On Wednesday December 10th at approximately 12:30 pm a police officer was shot and killed after attempting to approach two suspicious individuals near the Bayview Cemetery in Jersey City, New Jersey, or at least that was the initial version, as we will later see.
The two killers then stole a U-Haul vehicle and drove to a kosher grocery store on Martin Luther King Jr. Drive and after barricading inside, they initiated an exchange of fire with the police that lasted for more than one hour; the assailants also opened fire against anyone passing in front of the store. The battle continued until the two killers were eliminated, with a final toll of six dead (the two killers, three civilians and a 39-years old police officer) and three wounded.
Initial reports indicated that the incident was the result of a confrontation between undercover police and the killers in relation to a drug deal gone wrong, according to the local ABC affiliate, which cited the police department’s “working theory”.
Five hours later, Police Chief Michael Kelly claimed at a press conference that “there was no indication that the shooting was a hate crime” adding that the U-Haul vehicle contained an incendiary device. In a separate press conference, Mayor Steven Fulop said that there was no evidence indicating that the episode was terror-related.
However, there are several elements that immediately sounded unusual in relation to a “drug deal gone wrong”, starting with the location. The attacked kosher mini-market is in fact right next to the Greenville Beit Midrash and near an affiliated yeshiva. The area around the store is the home of about 70 families, Yiddish-speaking Hasidic Jews originally from Brooklyn.
The battle shootout between the police and the two killers lasted for over an hour and witnesses claimed that they heard more than three-hundred shots. In addition, it is also essential to consider the incendiary device found inside the U-Haul vehicle.
The two individuals could have fled the scene after the first exchange of fire near the Cemetery, instead they decided to stop and attack the Kosher store.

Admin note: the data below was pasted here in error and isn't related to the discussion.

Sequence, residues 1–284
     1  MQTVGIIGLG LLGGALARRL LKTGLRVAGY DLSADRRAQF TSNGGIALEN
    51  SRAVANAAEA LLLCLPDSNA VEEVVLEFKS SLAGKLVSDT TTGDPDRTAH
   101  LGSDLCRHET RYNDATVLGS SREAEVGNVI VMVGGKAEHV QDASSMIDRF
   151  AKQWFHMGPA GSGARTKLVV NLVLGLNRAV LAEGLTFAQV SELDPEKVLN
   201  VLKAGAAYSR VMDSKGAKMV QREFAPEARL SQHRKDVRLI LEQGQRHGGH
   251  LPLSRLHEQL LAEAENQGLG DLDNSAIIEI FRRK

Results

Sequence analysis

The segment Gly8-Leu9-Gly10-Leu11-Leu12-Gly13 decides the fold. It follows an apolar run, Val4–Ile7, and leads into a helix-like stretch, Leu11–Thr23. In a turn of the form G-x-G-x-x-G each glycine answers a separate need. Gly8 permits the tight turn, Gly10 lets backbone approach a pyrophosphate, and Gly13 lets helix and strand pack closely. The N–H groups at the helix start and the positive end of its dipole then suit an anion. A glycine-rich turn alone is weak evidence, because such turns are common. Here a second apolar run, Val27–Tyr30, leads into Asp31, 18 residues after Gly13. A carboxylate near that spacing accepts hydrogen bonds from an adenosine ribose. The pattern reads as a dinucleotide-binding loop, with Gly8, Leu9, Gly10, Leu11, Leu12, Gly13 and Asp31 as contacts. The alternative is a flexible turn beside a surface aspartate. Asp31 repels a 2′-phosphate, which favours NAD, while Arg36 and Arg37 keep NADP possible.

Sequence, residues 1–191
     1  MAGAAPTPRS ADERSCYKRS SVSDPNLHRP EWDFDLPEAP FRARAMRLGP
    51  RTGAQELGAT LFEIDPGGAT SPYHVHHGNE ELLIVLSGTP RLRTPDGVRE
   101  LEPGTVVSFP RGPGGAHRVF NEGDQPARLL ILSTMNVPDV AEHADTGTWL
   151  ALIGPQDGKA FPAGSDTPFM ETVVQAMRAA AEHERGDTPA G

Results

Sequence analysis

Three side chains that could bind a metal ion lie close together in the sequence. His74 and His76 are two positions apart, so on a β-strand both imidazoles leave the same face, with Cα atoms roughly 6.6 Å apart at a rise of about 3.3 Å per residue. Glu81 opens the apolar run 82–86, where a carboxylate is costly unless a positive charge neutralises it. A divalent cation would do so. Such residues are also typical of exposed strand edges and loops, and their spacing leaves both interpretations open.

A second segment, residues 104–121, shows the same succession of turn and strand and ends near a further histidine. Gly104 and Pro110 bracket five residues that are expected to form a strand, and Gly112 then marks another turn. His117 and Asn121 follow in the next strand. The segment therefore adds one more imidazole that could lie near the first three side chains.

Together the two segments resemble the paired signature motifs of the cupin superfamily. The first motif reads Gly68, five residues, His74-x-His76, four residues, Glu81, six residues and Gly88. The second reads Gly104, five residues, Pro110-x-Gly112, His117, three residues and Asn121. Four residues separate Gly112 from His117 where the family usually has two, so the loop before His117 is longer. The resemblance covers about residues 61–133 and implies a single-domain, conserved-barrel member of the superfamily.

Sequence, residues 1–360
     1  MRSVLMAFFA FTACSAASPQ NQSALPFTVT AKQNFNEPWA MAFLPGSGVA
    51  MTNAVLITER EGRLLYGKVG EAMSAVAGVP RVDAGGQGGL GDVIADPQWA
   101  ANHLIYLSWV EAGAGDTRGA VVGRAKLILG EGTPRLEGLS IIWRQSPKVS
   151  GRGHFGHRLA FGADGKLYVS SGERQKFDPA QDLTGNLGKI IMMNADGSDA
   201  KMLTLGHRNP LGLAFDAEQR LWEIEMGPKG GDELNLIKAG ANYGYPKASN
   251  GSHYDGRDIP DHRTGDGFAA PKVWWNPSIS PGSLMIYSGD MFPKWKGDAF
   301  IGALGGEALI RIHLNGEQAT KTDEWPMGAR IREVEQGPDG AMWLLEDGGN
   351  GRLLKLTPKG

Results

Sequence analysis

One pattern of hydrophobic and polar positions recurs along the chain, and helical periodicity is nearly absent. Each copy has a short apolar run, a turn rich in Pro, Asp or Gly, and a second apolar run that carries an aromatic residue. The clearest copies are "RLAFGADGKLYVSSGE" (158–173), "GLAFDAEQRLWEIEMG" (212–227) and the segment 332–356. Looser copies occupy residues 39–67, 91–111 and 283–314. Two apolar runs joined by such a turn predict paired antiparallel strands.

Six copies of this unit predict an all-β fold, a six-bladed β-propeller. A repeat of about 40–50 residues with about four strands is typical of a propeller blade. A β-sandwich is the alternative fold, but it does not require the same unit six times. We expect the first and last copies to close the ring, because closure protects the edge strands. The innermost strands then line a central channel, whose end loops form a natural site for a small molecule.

According to witnesses, from the inside, the killers targeted anyone moving in front of the store, possibly with the intention of killing as many people as possible. Dynamics that are out of tune with the hypothesis of a drug deal.
Additionally, the names of the two killers are still unknown as authorities haven’t made them public, something quite unusual, especially if crime-related.
As hours went by, it turned out that one of the two killers had published anti-Semitic and anti-police posts online and investigators now do believe that the attack was motivated by those sentiments.
On Wednesday December 11th the authorities came out with a different version, as reported by CNN:
“We do feel comfortable that it was a targeted attack on the Jewish kosher deli,” Mayor Steven Fulop told reporters, citing surveillance video showing the shooters driving up to the store, getting out and firing into the store.
However, the Jersey City Department of Public Safety Director James Shea indicated that authorities are not labeling the incident as anti-Semitic. “The motives are still part of the investigation,” he said.
The description provided by Mayor Fulop speaks for itself:
“We could see the van moving through Jersey City streets slowly. The perpetrator stopped in front of there, calmly opened the door with two long rifles — him and the other perpetrator — and began firing from the street into the facility“.
Public Safety Director Shea additionally said: “We now know this did not begin with gunfire between police officers and the perpetrators and then moved to the store. It began with an attack on the civilians in the store. That was their target and they intended to harm people inside there“.
While authorities do need to make up their mind on the motivation of the attack, it is a mystery why the Police Chief and the Jersey City Mayor prematurely ruled out the terror-related hypothesis. Am hazardous statement considering the location, the dynamics and the heavy weaponry used by the two killers.
Another obvious question is related to the initial shooting near the Cemetery, did it occur or not? If yes, was it related to the kosher store attack or not? If not, how was it brought up?
Also, is it possible not to label the incident as anti-Semitic if the perpetrators intentionally attacked a kosher store within a Jewish area? After that one of the two suspects posted anti-Semitic material online? In addition, why are the names of the two suspects not being released to the public? The whole situation still seems very confusing as the investigation moves on.